India’s poor population is increasingly likely to consist of members of marginalized groups
Has poverty reduction in India since 1987 changed the social profile of which Indians remain under the poverty line? To answer this question, EPoD researchers took time series data from India’s National Sample Survey 1987 to 2011 and examined the different proportions of social groups among the poor.1
This exercise yielded the following results:
Among people living under the poverty line, the fraction of Hindu upper and middle castes (which includes groups known as “other backward classes” or OBCs2) decreased from about 50 to 40 percent – roughly a 10 percentage point decline.
The proportion of the poor made up of Hindu lower castes (including scheduled castes and scheduled tribes) increased from about 33 to 40 percent.
The proportion of the poor made up of Muslims increased from about 13 to 15 percent.
These trends are represented visually in the graphs below.
Possible explanations include the following:
Social advantage may influence a group’s ability to benefit from economic growth.
Muslims and lower caste Hindus may tend to start off lower in the income distribution – i.e. they are farther back in the queue waiting to cross that poverty line, and therefore the last to leave.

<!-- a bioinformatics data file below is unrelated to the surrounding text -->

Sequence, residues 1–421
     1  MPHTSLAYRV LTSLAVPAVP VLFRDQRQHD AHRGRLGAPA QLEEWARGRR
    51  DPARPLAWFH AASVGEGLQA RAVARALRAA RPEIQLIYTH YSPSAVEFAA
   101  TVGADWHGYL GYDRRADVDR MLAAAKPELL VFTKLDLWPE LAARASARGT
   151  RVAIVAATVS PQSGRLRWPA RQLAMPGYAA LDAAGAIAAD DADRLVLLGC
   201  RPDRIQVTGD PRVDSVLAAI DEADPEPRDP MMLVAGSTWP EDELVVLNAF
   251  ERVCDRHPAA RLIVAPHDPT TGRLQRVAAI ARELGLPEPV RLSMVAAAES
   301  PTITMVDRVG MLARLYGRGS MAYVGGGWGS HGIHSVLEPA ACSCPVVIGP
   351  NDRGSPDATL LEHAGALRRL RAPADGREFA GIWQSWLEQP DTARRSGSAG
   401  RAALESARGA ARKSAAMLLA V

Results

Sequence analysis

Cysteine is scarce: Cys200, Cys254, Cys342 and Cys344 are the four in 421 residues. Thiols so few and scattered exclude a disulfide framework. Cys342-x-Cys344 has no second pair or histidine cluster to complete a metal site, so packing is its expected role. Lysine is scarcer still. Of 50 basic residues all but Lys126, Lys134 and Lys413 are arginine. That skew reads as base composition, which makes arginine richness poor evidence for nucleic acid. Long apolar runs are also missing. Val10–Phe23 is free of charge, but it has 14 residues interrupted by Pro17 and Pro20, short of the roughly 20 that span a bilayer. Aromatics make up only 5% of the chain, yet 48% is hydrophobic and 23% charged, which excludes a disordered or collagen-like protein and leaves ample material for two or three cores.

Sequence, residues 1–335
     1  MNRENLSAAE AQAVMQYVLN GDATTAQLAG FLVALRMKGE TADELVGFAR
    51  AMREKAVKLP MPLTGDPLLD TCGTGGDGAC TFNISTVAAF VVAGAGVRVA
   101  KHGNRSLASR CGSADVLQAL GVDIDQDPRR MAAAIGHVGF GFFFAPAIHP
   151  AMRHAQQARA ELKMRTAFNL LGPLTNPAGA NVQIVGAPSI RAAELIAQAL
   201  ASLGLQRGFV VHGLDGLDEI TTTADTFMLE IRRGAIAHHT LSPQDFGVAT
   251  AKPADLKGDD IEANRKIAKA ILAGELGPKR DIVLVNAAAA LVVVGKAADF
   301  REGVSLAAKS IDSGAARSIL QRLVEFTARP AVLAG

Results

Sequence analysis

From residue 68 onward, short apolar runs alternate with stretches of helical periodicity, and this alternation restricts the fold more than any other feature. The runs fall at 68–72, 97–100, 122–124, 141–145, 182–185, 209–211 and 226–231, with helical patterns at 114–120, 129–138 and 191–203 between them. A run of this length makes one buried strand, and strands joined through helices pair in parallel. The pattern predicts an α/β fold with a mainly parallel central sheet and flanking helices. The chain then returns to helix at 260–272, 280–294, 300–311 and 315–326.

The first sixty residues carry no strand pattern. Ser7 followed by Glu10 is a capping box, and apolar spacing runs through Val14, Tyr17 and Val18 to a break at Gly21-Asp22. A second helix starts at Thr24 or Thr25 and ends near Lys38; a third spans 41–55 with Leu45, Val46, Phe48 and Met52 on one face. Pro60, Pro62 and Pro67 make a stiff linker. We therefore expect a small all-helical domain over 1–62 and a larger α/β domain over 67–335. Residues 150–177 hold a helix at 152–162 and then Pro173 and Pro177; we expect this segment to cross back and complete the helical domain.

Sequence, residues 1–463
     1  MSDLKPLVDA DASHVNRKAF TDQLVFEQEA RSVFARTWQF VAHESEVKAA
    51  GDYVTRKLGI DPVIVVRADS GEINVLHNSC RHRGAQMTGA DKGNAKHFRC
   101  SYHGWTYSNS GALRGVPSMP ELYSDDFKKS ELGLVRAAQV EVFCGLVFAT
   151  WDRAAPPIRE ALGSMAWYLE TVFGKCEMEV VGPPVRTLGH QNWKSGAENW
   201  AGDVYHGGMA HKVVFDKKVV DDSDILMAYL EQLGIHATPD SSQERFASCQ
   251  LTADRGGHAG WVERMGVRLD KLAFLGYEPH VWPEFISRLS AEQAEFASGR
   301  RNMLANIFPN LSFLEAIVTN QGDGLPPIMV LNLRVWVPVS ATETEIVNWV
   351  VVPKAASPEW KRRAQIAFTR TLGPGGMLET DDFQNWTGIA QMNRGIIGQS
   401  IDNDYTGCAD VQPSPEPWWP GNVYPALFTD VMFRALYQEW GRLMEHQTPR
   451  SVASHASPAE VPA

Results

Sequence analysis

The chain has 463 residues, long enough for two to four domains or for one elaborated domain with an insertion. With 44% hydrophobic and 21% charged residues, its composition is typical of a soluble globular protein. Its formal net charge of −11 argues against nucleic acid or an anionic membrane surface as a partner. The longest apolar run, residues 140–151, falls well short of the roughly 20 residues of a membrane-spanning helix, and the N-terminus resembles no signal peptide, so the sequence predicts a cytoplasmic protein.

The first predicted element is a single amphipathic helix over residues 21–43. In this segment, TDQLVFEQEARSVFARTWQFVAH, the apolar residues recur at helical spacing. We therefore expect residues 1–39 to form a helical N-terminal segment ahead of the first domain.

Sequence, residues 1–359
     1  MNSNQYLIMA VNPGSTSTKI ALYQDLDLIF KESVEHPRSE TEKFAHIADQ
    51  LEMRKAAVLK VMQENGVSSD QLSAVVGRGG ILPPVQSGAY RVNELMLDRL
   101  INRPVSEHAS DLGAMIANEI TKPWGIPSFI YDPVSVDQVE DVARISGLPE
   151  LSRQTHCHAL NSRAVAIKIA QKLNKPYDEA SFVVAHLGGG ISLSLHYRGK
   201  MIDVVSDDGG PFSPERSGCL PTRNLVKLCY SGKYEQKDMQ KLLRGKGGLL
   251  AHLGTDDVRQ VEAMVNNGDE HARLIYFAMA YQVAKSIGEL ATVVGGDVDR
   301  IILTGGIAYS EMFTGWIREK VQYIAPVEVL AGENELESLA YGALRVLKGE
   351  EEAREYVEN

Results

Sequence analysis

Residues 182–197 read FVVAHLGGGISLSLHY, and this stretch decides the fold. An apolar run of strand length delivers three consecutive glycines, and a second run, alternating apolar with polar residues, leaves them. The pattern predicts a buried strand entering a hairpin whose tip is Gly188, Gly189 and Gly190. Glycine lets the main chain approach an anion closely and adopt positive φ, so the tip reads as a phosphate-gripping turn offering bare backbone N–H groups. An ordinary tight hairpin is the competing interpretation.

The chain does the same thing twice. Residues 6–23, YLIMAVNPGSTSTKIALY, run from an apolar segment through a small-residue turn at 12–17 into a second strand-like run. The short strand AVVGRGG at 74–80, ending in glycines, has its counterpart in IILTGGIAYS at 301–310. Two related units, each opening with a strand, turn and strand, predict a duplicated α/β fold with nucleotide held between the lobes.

The surveys do not provide longitudinal data on individuals, so they do not shed light on the extent to which either of these two factors are at play. Still, the data suggest that “easy groups” near the poverty line are the ones growth will lift into the middle classes, while traditionally disadvantaged groups are more likely to be left behind.
1. The poverty line is defined as having a consumption level under $1.90 per day in 2011 USD with purchasing price parity. This is the definition use by the World Bank and other development organizations.
2. The OBC category was created by the Indian government in 1983. Although members of this category did not suffer from the same forms of social exclusion as the Hindu lower castes, they are considered to be socially and economically disadvantaged enough to receive quotas within universities and public sector jobs, just as lower castes do.